New Title IX Regulations Change The Way Schools Handle Sexual Assault Cases

New regulations for on-campus sexual assault claims have been released by the U.S. Department of Education under Title IX, the law that prohibits sex discrimination in federally-funded schools. Colleges and universities covered by this law must comply with the new regulations by August 14, 2020. The new rules ensure due process for both complainant and accused, and unlike previously issued guidance by the past administration, these will have the force of law as a foundation.

Title IX, signed into law by President Nixon in 1972, was created to protect students and employees from sex-based discrimination. The new regulations are an expansion of this law that details how schools must handle on-campus sexual assault claims, providing guidance for investigating and hearing cases within the school.

One important feature to note is the process called 'live hearings.' In a live hearing, both parties can ask questions (through an advisor or an attorney), provide evidence, present witnesses, and do cross-examination, as in an actual court proceeding. In place of a judge, a decision-maker (a trained Title IX personnel or facilitator) will determine the outcome. While many contend that this process might make it harder for harassment survivors to file a complaint, the proponents of the law view it as a necessary procedure to ensure that those wrongly accused would be protected, and those responsible will receive appropriate action.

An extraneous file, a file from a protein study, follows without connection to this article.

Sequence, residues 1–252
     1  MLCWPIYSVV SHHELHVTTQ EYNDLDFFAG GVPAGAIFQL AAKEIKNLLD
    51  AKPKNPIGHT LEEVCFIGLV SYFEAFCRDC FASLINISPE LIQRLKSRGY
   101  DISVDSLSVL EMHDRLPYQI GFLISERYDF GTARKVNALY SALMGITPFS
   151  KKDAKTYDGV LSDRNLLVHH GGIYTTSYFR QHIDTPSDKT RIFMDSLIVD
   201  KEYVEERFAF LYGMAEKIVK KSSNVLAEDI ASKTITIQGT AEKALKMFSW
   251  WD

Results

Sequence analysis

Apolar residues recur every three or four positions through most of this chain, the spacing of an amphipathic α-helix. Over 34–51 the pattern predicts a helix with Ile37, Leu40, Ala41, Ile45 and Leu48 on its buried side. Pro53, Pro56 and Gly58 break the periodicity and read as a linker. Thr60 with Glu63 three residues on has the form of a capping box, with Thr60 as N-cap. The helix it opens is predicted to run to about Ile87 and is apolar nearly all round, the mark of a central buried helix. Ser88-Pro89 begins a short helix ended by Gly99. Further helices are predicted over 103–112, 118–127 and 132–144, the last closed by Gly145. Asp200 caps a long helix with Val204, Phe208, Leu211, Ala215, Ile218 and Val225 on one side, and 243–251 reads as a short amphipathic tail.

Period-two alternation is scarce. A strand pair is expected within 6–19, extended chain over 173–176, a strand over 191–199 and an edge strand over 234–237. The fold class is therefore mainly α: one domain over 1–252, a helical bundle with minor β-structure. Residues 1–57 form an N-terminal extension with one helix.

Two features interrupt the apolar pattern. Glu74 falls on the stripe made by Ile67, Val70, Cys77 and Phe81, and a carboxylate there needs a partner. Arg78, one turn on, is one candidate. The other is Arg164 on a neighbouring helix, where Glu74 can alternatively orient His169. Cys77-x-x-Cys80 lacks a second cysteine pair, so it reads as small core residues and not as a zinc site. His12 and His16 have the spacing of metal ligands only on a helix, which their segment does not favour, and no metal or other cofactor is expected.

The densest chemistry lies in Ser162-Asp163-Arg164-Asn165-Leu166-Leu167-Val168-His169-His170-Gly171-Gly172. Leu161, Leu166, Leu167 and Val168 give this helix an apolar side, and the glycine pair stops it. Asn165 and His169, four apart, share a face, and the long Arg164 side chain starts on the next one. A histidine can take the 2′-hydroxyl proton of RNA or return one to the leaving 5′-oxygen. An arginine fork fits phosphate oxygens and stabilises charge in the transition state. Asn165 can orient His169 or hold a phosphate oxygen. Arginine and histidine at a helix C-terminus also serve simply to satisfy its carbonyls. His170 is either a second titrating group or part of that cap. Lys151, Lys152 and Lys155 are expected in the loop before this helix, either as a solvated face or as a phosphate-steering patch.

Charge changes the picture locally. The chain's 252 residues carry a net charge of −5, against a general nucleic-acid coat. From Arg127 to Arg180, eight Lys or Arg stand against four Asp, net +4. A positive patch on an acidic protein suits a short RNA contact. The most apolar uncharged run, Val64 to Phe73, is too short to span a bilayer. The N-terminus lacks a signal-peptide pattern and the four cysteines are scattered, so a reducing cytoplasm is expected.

Schools can choose to offer informal resolution by mediation as an alternative way of handling a case, provided that both parties have given their voluntary, written consent, and that the accused is not a school employee. Schools cannot force students and employees to waive their right to a formal investigation as a condition for enrollment or employment.

What sets these new regulations apart from previously issued guidance is their enforceability, as they are backed by the force of law. This means that schools are obliged to comply, and students and employees can expect that their rights will be protected. While some still contest the fairness of the new rules, many view it as a step in the right direction.

Related: What amounts to sexual misconduct under Title IX?

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North Carolina vs. M.W.
Charge: Charge: Robbery with A Dangerous Weapon (4 Counts), First Degree Burglary, Conspiracy to Commit Robbery with A Dangerous Weapon
Facing: 12 - 17 years in prison
Result: Dismissed

An incarcerated defendant accused our client of participating in the robbery of a group of youth at a party. We were able to raise doubt as to the credibility of this individual. In the end, the prosecutor dismissed these charges, citing a lack of evidence.